How I’m Investing For Our Dream Home

As I’ve mentioned frequently on here, my wife and I have defined a very specific long term goal for ourselves – we intend to buy a piece of land in the country and build a house on it before our oldest child’s sixteenth birthday. In order to have the financial resources in place to do this, we had to develop for ourselves a plan to make it happen. Here’s that exact plan, from scratch – I thought it might be worthwhile to paint a real picture of an investment plan, from scratch to plan in execution.

Step 1: Clearly Specify The Goal

We started off by getting a large number of samples of the cost of the land and house we desired. What do these cost today? We took an average of all of the values we found, then figured that they would increase in value 5% a year for the next fifteen years. This is our target number – a rough estimate of how much our dream will cost us.

Using that number as a starting point, we figured that we would like to be able to finance 50% of it out of pocket, move there, then sell our current home, paying off most of what we owe.

Our target dollar amount is $450,000. We have fifteen years to get there.

Step 2: Devise The Plan

Once we had our target number, we started doing some math. We assumed we can get an 8.5% annual return on our overall portfolio – maybe a slightly conservative number, but hopefully realistic.

With an 8% annual return, we wanted to see how much we would need to invest each week to get that amount. Our math showed that if we invest $300 a week into a portfolio that returns at 8% annually, we will have $440,783 at the end of fifteen years.

So, we defined our commitment: we will invest $300 a week into an investment portfolio.

Step 3: Coming Up With The Money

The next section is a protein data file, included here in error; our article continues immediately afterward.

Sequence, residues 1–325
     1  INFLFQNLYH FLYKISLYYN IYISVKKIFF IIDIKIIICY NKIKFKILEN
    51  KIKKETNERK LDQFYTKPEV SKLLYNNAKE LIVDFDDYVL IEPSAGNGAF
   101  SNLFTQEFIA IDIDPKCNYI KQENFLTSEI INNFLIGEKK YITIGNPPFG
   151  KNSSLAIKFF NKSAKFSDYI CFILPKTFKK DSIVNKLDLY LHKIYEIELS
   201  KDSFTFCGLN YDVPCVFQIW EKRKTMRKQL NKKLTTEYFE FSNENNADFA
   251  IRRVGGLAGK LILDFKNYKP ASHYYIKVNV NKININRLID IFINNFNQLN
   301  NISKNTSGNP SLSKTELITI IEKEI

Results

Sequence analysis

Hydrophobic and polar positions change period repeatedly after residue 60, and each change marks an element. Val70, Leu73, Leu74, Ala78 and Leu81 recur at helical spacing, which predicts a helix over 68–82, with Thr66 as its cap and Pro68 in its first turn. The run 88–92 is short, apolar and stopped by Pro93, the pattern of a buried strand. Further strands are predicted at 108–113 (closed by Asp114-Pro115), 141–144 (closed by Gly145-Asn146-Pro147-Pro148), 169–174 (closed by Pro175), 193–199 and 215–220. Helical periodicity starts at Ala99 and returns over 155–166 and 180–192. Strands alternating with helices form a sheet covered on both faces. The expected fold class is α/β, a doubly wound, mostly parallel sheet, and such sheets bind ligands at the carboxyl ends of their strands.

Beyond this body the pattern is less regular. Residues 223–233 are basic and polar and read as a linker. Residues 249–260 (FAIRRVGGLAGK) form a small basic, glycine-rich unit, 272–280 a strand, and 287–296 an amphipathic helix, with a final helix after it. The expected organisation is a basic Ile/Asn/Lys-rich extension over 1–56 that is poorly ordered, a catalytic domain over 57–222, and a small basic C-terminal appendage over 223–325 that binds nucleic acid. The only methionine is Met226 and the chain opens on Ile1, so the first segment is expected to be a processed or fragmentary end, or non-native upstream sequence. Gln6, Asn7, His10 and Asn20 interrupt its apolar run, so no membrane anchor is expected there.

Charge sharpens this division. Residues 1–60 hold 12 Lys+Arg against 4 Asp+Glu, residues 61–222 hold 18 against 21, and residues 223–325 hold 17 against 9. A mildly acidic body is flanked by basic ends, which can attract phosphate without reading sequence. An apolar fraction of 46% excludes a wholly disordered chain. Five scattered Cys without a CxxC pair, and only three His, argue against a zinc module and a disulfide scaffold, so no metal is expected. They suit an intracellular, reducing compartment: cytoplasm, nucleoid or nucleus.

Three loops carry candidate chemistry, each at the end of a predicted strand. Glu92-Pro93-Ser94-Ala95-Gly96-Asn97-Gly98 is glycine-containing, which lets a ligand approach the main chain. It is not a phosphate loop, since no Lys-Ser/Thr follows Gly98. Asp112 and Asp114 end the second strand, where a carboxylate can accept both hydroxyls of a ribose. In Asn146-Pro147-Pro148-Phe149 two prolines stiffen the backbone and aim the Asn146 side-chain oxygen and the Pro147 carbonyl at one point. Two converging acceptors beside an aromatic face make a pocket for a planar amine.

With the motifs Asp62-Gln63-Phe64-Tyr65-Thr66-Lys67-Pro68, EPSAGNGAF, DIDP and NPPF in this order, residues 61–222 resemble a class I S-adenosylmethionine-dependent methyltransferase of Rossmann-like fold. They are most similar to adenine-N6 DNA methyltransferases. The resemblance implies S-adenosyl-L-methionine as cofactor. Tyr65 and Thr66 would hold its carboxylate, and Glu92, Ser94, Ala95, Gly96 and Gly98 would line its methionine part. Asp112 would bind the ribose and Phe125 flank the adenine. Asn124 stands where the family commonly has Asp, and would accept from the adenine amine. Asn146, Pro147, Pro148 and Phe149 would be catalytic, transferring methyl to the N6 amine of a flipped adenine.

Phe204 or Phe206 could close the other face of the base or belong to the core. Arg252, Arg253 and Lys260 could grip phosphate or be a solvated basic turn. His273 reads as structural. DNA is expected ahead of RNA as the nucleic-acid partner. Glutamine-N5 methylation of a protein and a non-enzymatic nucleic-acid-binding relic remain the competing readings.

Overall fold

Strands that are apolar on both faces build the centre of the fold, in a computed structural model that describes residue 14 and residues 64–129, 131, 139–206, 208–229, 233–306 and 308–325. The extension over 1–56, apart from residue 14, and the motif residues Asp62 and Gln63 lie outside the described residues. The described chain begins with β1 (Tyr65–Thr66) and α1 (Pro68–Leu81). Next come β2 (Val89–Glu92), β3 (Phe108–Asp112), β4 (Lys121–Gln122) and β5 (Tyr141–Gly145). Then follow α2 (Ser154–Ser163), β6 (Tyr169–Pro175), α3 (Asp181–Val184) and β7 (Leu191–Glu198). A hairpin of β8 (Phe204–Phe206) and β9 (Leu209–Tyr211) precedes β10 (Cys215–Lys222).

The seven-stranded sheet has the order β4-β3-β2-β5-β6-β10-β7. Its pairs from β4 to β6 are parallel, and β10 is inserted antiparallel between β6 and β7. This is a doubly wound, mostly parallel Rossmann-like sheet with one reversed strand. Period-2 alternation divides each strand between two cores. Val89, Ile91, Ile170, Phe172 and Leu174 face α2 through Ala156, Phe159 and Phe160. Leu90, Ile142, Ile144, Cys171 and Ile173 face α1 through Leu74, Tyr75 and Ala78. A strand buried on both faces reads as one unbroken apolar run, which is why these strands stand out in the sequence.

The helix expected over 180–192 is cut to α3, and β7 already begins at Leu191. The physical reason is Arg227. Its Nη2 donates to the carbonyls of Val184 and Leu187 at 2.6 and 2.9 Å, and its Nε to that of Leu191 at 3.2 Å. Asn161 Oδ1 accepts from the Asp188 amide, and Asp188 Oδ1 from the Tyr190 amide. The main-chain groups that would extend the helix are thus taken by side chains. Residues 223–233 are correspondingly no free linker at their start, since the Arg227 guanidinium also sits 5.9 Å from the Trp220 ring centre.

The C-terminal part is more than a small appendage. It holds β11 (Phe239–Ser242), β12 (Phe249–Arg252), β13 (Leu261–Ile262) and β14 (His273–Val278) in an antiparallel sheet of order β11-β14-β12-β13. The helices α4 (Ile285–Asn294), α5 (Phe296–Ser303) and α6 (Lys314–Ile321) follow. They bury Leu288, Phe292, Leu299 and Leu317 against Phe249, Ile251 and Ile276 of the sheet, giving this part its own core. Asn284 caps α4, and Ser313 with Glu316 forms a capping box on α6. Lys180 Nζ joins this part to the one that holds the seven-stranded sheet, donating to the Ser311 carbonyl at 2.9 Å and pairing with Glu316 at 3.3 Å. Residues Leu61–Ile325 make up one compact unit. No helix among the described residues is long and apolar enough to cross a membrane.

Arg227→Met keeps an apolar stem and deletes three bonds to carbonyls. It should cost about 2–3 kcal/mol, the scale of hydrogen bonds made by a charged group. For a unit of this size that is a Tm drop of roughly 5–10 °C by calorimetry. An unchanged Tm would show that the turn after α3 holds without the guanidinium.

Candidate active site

The next problem was finding this money. Over the last couple years, we’ve committed ourselves to a lot of financially responsible moves and we live a lifestyle that has a large separation between what we bring in and what we spend. We ran the numbers and found that we could commit ourselves to this once we had an emergency fund in place.

Why not just put that money into prepaying your home loan? There are two reasons. First, our home mortgage has a very low fixed interest rate – below 6%. Second, an investment gives us some flexibility – if we choose to go in a different direction, that investment will always be there for us, growing over time. Our assets aren’t tied up in our house.

Step 4: Defining The Portfolio

So how are we going to invest? I’m not a speculative investor by any means and our target return is well within a reasonable goal, so we made the decision to invest in an array of low-cost index funds through Vanguard. We want to diversify pretty widely, so here’s our tentative split:

20% large-cap domestic stocks
20% medium-cap domestic stocks
20% small-cap domestic stocks
30% international stocks
10% bonds